When it comes to backyard chickens, there are generally several breeds that readily come to mind for egg production: Leghorns, Orpingtons, Rhode Island Reds, Plymouth Rocks, and Australorps. Oh sure, there are many more varieties, but these few tend to make the list for their egg-laying prowess. But have you ever considered trying out a breed just because of its size or plumage… or just for fun? If you answered yes, let’s talk about Brahmas.
If you have ever wanted a large breed chicken with beautiful plumage, Brahmas may be the one you have been looking for. Now while most large breed chickens are raised for meat, Brahmas are also a decent egg layer (brown eggs). On average, you can expect three to four eggs per week, and they even have a reputation for laying during winter months, a time when most breeds typically experience a drop off in laying due to short days (unless supplemental lighting is provided).
And speaking of winter, they are a cold hardy breed… readily suited for northern climates. Their size, tight feathering, and pea comb make them ideal candidates for winter weather. But keep in mind that their run should be kept free of mud, puddles, ice, or snow as those items could get into their toe and shank feathers. This in turn could make those areas susceptible to frost-bite.
Don’t let their size worry you. They are a docile breed and tend to be quite trusting. These features make taming easy. Just spend time picking them up, stroking their feathers (gently), and feeding them treats such as meal worms. Soon you will have a pet chicken that will come running when they see you. To take it a step further, the International Brahma Club describes them as being “children-friendly”.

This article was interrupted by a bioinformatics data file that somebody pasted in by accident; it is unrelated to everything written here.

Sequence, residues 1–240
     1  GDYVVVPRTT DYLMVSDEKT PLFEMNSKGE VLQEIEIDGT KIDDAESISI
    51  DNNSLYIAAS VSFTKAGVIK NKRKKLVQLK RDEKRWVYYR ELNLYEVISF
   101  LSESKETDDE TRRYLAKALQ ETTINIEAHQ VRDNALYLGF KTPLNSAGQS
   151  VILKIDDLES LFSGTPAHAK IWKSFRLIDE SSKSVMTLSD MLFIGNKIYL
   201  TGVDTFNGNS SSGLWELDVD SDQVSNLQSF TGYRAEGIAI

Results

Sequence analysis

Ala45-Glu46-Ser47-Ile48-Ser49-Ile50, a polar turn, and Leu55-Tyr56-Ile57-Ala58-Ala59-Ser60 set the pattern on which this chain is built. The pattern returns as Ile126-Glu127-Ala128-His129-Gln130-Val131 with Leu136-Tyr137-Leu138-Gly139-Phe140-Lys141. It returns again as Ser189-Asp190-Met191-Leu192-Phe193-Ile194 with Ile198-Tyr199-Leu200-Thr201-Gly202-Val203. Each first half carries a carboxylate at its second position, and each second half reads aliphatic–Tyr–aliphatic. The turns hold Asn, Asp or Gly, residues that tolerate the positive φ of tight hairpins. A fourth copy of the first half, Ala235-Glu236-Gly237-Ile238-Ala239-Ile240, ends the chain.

These birds tend to come in three colors: light, dark, and buff. Light coloring tends to be mostly white with black at the neck and tail. Dark coloring tends to be an even distribution of feathers that are both black and white. Lastly, buff tends to be a golden buff with black at the neck and tail. Regardless of coloring, feathers extend down their shanks to their toes. Top off this stately creature with a pea comb and you have a very handsome chicken.
Even though Brahmas are a large breed, they tolerate confinement. For backyard chicken keepers, this is a plus as most people aren’t able to provide free-range to their flock in city settings due to several factors that include, but not limited to: dogs, size of yard, city regulations, and height of fencing.
While Brahmas are decent egg layers, keep in mind that they mature later compared to other breeds. While there are a few that may begin laying at 22 weeks, don’t be surprised if you end up waiting anywhere from week 25 – 28. That means that your Brahmas may not begin laying until they are six or seven months old! Just be patient.
Consider Brahmas for your backyard flock or urban homestead. While this breed may not readily come to mind for egg production, they are good producers. And given their size, plumage, and docile nature, they just may become your favorite pet chicken.